I have always used both Apple OS and Windows for web development; it is a still a Windows world (sadly) but compare development times for the same project done on a Windows machine and an OSX box (assuming the same level of familiarity with both) and the project will inevitably run smoother and be done faster using the Apple.

      Why? Well, while the cheapos are complaining about the cost of an Apple machine and dealing with cutesy balloons offering to clean their desktops for them, throwing fatal errors with meaninless codes, and clicking away warnings about firewalls every five minutes, the person using the Mac is actually working on the project. When I use Windows I am constantly reminded that I am using a machine... a computer to do the work. It constantly interrupts the workflow and sometimes for no good reason and being a power-user of PCs I waste countless hours trying to find and disable obtrusive, annoying, and frustrating default behavors of the OS and MS applications that are found in some obscure corner of an Options>Advanced>Options>Options>Advanced>More Options>Advanced tab because the richest company in the world would rather let engineers decide what to call settings and where to put (hide) them than pay some usability experts to design a meaningful and consisent interface. On the Mac, I just do my work. If I need to change a setting or default behavior, it is usually found in a very logical place and is easily changed.

      As for performance, your processor may clock at only 6% less than the Apple choice, but your WindowsXP is going to drag it even further (even worse if you go with Vista). I run Photoshop on the Mac, too. And I run it at the same time as Aperture, iPhoto and Final cut while editing video and photos for a client project. At one time I had 25 Canon RAW images open in PS with all their layerd goodness while the other apps were open and I was able to seamlessly switch between them as I worked on the project. I had my video deck attached via standard Firewire and two 1 TB hard drives connected to FW800 as I was video chatting with the client online at the same time and sending her samples as I was rendering the video and polishing the photos. There simply are no apps like Aperture and Final Cut for Windows and I could almost have done the entire project with the bundled iLife apps (iPhoto and iMovie) that you so loathe. Oh, did I mention the Wacom Intuous and Shuttle Express HUIs I was using at the same time?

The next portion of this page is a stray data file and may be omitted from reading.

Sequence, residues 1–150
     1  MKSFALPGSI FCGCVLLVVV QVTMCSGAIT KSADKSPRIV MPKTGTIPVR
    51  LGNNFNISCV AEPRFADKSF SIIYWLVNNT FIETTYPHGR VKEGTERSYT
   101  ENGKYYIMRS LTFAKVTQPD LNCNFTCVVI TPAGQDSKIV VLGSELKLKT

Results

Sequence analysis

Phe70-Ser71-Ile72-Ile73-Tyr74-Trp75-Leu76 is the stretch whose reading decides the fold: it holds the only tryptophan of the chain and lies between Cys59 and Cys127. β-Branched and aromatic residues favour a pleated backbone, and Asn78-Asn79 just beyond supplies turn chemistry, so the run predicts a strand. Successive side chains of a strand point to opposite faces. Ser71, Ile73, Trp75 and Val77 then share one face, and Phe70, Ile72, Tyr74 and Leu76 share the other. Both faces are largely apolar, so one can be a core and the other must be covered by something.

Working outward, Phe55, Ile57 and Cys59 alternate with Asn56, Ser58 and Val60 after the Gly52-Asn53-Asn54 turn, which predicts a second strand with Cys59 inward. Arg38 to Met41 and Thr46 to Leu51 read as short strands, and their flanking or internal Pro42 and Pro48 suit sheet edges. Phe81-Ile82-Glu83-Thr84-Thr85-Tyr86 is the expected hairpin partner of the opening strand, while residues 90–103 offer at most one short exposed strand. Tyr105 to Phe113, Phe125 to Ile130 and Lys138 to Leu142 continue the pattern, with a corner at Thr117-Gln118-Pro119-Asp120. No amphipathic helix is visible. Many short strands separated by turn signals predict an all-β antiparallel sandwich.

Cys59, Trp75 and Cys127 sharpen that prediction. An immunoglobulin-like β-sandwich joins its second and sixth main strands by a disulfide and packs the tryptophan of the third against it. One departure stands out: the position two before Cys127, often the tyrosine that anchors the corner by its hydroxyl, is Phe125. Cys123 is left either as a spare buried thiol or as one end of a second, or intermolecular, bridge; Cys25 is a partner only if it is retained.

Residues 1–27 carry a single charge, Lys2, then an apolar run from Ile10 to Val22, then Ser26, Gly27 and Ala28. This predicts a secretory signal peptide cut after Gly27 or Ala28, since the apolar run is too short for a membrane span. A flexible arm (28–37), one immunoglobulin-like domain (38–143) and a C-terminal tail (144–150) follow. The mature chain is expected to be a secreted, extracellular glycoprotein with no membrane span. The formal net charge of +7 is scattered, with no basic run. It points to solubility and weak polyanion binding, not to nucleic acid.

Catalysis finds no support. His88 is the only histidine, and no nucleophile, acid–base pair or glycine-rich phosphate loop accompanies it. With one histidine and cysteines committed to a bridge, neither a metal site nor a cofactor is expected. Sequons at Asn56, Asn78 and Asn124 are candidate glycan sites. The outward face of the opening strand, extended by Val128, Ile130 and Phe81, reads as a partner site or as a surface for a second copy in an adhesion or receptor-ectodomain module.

Getting back to the hardware issue, I paid @ $3000 for a G3 tower and monitor in 1999, at the time, it was Apple's top of the line. I still have that machine and I still use it for web development and testing. It doesn't run the latest OS or software (but I was able to upgrade it from OS8 all the way up to 10.3.9) but is is just as reliable almost 9 years later as it was the day I bought it. All I ever needed to do to it was max out the RAM (1 gig). I still have a G3 Pismo laptop from the year 2000... same story. Upgraded from OS9 all the way to 10.3.9 and it works just the same now as it did when new. I don't even remember what PC I had at the time when I bought these machines, I have been through so many. I bought a G4 Powerbook in '03 (still works perfectly) and in Jan '06 I bought the top of the line G5 Quad which I am using today with 8gigs of RAM, 2x 23" screens and OS 10.5.1.

      I paid a premium for each of these machines, but the moral of the story is that when it comes to my Apple products vs the Windows machines I have had the misfortune of owning, the WHOLE is of much greater value than the sum of the parts.